Frostfire - Amanda Hocking

Frostfire -- Amanda Hocking

Book 1 of Kanin Chronicles

2015 Release -- St. Martin's Griffin

Young Adult, Urban Fantasy, Paranormal, Fantasy, Romance



Frostfire is really NOT a terrible book. I just didn't like it.

In fact, the world in Kanin Chronicles DOES do quite a decent job balancing modern society with a somewhat, age-old world of trolls who are all still stuck in their own traditional monarchies. Setting aside the fact that I know nothing of the world of Amanda Hocking’s previous books about the Trylle (and now learning that this book was set in that world), I could come to like this world. Also setting aside the reasoning behind why trolls require changelings to luxuriate their greedy communities (which I don’t really agree with, but whatever, it’s their culture), I could STILL learn to like the world and the culture built around the different troll tribes.

It’s really actually quite creative and sparked an interest in wanting to know about the different tribes around the world of trolls.

What I DON’T like, unfortunately, are the underdeveloped characters, the lackluster storyline, the uninspiring narration and writing style, the random uses of pop culture references that are misused in at least three cases, the logic fail of the troll-changeling culture, and the multiple logic fails behind all of Bryn’s condescending, yet contradictory monologues of righteous tirade as to why the society of Kanin and the whole changeling thing works and why Bryn is the best tracker in the world and why everyone should see things her way and what a true tracker is really like: and I also don’t really like Bryn much either because she just lacks development most of all as the main character.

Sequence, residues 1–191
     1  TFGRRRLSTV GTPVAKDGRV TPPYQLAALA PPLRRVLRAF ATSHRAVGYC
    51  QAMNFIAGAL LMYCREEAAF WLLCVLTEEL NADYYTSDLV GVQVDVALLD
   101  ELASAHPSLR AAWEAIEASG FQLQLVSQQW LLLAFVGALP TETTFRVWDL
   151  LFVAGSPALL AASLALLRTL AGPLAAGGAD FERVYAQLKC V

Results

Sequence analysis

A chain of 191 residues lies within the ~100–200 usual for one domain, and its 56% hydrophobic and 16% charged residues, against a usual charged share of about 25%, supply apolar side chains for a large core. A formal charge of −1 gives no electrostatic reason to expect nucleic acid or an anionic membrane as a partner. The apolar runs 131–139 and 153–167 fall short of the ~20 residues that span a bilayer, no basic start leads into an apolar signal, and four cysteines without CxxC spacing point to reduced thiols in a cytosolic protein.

I mean, don't get me wrong, I like that she's strong and independent and can hold her own and is uber kickass--we all know fiction lacks a lot of such strong heroines and I could have really liked her as well. But she's so all-powerful and she's always right and knows what's best for everyone and the community and she's so perfect... what's left to develop? Her biggest flaw is that she's a condescending bitch who is rude to her parents and her friends, throws childish tantrums, and lacks empathy and open-mindedness; and even as the end of the book rolled around, I'm not sure that particular trait was going to change.

And also, the entire story was kind of boring and long-winded with 80% of it feeling very much like random tangent anecdotes and only 20% of it actually being about the main conflict. Oh, and the romance was also laughably predictable and eye-roll worthy too. So I don't have a summary for this book because I don't even really know what story we were aiming to tell despite the fact that I have an inkling about the direction the story was taking.

At least the ending ended on an exciting note, even if it DID supply an abrupt and unsatisfying cut-off cliff hanger in which I turned the page after the last sentence and went, "Wait, it's done?" but not in that "Man, I wish there were more!" way; it was more of a "Hmm... that was unexpected..." way.

Overall Thoughts: I have a lot more thoughts written down about all the many ways I don't like Bryn, but I'll spare everyone my soapboxes and personal tirades. I figure, this book is so popular that maybe I just don't understand it's popularity. Maybe I have to go back and read Amanda Hocking's first few novels about the Trylle... except that the small spark of interest I have is very much overshadowed by the many negatives I developed about this book. Chances are, I won't be finishing this series and neither will I be interested in picking up her previous books.

Her writing style is probably not my cuppa.

On a final note, it bugged me a little bit that there was sort of an underlying implication that, after having a baby, the trackers who are female pretty much give up their career as a tracker, as if having a baby means you're immediately a stay-at-home mother and nothing in the book seems to imply otherwise.


It's that whole deal where a lot of women in fiction I've read are made to choose between career or family (or career or love) and can only have one or the other, but never both.  It rankles me just a little bit.





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